ResearchProjects | Publications
Blueprints of Hope: Designing Post-War Europe. Ideas, Emotions, Networks and Negotiations (1930-1963)
Postdoctoral Researcher, co-promotor, daily project management
Funding: NWO Free Competition
Project team: Beatrice de Graaf (Principal Investigator), Peter-Ben Smit, Mathieu Segers, Jorrit Steehouder, Clemens van den Berg
Since its inception the European integration project has been contested. We aim to show why some blueprints put their stamp on the institutional start-up of European integration, while other blueprints were rejected. To this end we focus on transnational political, clerical and economic networks. Including a wider range of actors, the project expands the existing historiography of the EU’s “early” integration. Moreover, such a new understanding of the diversity of ideas of “what is Europe” in these early years of European integration may help to elucidate the driving forces and institutional dynamics in today’s EU.
Subproject 1-Ideas & Emotions
Building upon the “emotive” turn in the history of International Relations, I aim to conceptualize and analyse the battle of ideas among different blueprints of Europe. To this end, blueprints are not just understood as encompassing economic ideas, but also including emotive and moral considerations.
Subproject 2-Networks & Negotiations
Using a Discourse Network Analysis, I aim to visualize the different transnational networks that were behind different blueprints of Europe. It specifically focuses on the discussions for a European Defence Community in the 1950s.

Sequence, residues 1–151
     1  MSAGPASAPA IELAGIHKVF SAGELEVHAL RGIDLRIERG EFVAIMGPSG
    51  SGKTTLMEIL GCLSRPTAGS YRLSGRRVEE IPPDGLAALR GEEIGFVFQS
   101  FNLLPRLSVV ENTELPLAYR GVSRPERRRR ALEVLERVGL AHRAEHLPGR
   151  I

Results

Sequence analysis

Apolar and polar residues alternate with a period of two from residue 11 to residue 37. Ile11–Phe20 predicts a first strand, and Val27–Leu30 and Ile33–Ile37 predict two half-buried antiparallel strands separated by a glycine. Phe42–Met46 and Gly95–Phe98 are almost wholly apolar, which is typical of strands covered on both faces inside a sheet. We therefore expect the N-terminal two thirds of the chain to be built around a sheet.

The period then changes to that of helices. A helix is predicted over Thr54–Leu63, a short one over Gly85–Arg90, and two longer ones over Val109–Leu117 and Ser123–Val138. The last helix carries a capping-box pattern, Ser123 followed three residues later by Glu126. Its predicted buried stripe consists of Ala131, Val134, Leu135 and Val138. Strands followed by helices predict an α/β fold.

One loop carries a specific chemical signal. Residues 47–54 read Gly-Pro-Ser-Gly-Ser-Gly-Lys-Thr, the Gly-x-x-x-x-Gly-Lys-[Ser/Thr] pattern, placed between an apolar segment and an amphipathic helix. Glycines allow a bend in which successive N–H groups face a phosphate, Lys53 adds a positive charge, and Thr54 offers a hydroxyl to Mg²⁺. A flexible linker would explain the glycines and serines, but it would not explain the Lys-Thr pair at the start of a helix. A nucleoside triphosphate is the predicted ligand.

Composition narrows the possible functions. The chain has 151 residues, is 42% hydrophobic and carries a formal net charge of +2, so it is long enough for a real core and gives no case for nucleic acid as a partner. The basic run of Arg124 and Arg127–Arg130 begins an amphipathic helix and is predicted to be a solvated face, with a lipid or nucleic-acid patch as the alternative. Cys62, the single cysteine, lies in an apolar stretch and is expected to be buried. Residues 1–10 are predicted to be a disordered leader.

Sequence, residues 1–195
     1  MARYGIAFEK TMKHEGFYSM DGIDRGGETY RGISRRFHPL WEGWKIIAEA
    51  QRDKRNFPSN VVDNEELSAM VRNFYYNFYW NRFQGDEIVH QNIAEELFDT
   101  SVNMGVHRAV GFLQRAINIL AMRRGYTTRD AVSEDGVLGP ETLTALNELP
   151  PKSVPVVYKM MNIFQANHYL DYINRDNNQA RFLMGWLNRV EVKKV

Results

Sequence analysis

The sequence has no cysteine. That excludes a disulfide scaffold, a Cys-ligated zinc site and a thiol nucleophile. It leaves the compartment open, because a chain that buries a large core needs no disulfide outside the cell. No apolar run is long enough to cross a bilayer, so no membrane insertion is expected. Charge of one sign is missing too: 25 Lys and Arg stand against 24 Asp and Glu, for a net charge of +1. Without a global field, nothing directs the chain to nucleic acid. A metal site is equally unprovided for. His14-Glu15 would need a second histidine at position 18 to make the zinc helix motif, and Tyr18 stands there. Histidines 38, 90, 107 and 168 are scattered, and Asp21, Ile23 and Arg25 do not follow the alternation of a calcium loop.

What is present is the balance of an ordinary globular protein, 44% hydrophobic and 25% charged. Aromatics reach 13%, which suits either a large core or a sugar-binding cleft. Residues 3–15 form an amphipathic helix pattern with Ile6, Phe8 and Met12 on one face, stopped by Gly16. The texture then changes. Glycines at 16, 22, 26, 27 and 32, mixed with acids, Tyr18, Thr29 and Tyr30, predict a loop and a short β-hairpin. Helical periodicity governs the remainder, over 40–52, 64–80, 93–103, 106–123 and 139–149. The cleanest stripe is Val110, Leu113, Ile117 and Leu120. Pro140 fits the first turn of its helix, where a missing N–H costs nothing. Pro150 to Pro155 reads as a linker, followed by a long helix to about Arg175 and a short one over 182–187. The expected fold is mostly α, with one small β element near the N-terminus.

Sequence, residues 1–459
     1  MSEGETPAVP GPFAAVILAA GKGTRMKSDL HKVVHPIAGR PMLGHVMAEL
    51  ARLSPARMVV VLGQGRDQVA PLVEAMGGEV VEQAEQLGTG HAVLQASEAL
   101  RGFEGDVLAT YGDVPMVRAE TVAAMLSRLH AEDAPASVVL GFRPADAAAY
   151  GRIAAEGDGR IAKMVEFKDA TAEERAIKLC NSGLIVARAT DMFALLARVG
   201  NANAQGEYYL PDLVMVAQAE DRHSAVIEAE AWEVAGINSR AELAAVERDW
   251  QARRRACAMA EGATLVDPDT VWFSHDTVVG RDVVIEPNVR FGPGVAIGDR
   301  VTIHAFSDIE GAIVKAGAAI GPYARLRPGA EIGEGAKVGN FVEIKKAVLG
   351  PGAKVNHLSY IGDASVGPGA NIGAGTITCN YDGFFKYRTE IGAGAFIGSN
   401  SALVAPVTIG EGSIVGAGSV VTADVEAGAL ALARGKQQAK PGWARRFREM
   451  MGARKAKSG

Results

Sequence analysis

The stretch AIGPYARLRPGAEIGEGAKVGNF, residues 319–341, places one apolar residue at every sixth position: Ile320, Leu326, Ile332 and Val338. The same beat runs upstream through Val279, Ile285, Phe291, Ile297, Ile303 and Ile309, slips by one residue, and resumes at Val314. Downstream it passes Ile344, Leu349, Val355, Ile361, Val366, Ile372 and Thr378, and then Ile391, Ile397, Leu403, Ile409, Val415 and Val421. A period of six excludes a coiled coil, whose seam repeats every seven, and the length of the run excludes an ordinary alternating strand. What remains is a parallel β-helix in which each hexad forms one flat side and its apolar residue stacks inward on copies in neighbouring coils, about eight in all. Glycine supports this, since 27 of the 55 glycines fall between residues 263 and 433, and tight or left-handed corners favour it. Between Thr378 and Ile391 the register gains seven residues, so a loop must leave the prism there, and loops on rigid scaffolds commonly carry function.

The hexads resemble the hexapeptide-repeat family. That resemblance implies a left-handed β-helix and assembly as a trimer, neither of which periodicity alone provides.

Normative Power and Military Means: the evolving character of the EU’s international power
Vrije Universiteit Amsterdam
Funding: NWO Research Talent
Promotor: Ben Crum
2e Promotor: Liesbet Hooghe
From 2003-2016, the EU has launched 11 military operations as part of its Common Security and Defence Policy. While the EU’s use of force has often been presented as part of promoting the EU’s peace project beyond its borders, this idea of the EU as a “force for good” has been fiercely criticized as well. The character of the EU as international security actor is essentially contested. Hence, this dissertation aims to answer the question: How has the character of the EU as an international power evolved ever since it started to launch military operations?
I assess the EU’s international power along three dimensions: policy-embeddedness, justification and UN-authorization. A comprehensive analysis of the EU’s military operations along these dimensions shows that the EU has evolved from a normative power to a more liberal power.
Moreover, distinguishing between four advocacy coalitions (Global Power EU, Euro-Atlanticists, Human Security and the Bystanders) I examine the decision-making dynamics of three specific military operations: EUFOR Althea, EUNAVOR Atalanta, EUNAVFOR Sophia. I argue that rather than “learning” or “hard bargaining” it is “cooperative bargaining” that characterizes the decision-making in the EU’s Common Security and Defence Policy.